Nation's eclectic musical stylings have been catching ears and eyes up and down the country for more than a year.
Their distinctive, melodic electronic rock and pop grooves are a fresh mix in a Southland original music scene dominated by overdriven guitars and chunky hard rock rhythms.
The band's biggest challenge to date has been maintaining a stable lineup.
Vocalist/keyboardist/guitarist Miharo Gregory says the band's fluid membership has largely been drawn from the Southern Institute of Technology's music and audio degree programmes.
The current lineup is Gregory, Ngarewa Reid on guitar, Jordan Robertson on bass and Marcus Gurtner on drums, but getting them into the same room at the same time is difficult as Gurtner doesn't live in Southland.
The previous lineup, which played its last gig together at the Players Hasta La Vista closing show in June, was Gregory, drummer Jo Hutchison and bass guitarist Andrew Cornford. Before that, keys player Hertzog Burger was also on board.
Gregory is undeterred. He sees big things on the horizon for Nation.
"I understand trying to make a living out of music isn't for everyone and that was the case with some of the members but I plan to keep going hard. The new lineup is spread across the country at the moment but we will all be together in Wellington before the end of the year."
Nation have done some recording with "Chainsaw" Charlie Bronson and Mi-Sex keyboardist Murray Burns in Byron Bay, Australia, and are now recording their debut album, which Gregory hopes to release by the end of the year.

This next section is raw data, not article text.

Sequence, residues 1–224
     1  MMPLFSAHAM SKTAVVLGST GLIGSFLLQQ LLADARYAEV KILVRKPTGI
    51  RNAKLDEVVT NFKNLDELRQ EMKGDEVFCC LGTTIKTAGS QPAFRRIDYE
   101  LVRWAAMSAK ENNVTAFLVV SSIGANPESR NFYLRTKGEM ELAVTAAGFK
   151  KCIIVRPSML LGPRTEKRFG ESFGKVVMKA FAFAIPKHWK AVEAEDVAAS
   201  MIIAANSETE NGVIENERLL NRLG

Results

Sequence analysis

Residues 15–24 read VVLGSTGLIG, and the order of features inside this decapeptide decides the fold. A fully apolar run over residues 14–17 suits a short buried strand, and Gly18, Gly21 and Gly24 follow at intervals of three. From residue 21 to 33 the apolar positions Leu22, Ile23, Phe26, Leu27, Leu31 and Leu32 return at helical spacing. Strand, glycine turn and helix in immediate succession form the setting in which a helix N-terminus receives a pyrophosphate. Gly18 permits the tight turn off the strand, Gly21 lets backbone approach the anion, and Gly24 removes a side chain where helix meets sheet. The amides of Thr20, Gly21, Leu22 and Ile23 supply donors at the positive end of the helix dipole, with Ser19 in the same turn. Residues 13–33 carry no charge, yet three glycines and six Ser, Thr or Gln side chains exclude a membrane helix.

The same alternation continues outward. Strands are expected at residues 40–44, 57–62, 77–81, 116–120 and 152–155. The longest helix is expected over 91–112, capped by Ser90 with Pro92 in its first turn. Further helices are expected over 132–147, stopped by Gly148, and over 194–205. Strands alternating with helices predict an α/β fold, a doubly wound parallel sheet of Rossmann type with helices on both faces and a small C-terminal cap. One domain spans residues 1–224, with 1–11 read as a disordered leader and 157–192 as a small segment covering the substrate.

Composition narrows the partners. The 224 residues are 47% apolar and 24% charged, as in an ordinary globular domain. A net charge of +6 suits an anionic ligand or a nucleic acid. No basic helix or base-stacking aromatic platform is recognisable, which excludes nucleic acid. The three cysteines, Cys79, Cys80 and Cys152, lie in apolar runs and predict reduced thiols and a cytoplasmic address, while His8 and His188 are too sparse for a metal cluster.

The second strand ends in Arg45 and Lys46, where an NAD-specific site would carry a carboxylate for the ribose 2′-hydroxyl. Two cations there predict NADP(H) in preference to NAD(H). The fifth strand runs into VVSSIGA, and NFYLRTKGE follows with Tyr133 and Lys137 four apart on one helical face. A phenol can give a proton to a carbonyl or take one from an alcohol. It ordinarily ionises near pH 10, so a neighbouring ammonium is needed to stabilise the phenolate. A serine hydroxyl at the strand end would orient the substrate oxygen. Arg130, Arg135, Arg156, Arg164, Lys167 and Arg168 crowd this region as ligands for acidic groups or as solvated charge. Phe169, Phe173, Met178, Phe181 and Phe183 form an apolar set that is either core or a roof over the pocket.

They've also been gigging up and down the South Island, which Gregory says has been fun.
He describes Nation's sound as "very diverse. There are plenty of big synths and guitar riffs but there are also some real groovy songs as well. While musicians will appreciate the musical aspects of the songs the music is still accessible and exciting for non-musicians."
Having Ngarewa "Nug" Reid in the band also opens up new sonic possibilities. Better known as a technically proficient speed metal player, his guitar work adds another dimension to Nation's sonic palette.
"He's a great writer and an awesome guitarist. I'll show him an idea on guitar and once he's played it back I'll think, 'ah, that's what I meant'."
Gregory believes Invercargill's original music scene has gone off the boil in the past year but is still healthy, largely due to the musicians SIT attracts to the city.
"It's surprising the amount of local acts that are active down here. I'd say it's dulled down a little bit in the past year or so and it's sad to see Players close it's doors but original music is still pretty healthy in my opinion. I like the Invercargill music scene because it's tight knit. Everyone is friendly and everything is shared. Bands support each other's sound even if it's not their own. Nation has shared the stage with rap, folk and metal acts and they're all happy to jam out together.
"The SIT music and audio courses get musicians together under the same roof and naturally bands start being formed. When people from different backgrounds get together with open minds, genres start melding together and the music becomes really interesting. I think this is something unique to Invercargill and the tight-knit stage-sharing scene definitely helps."
See them: Nation will be playing at Stadium Southland before the Joseph Parker boxing event on Saturday.
Hear them: Check out Nation's You Tube video for Tides.
Like them: on Facebook www.facebook.com/nationbandnz
- Chris Chilton, The Southland Times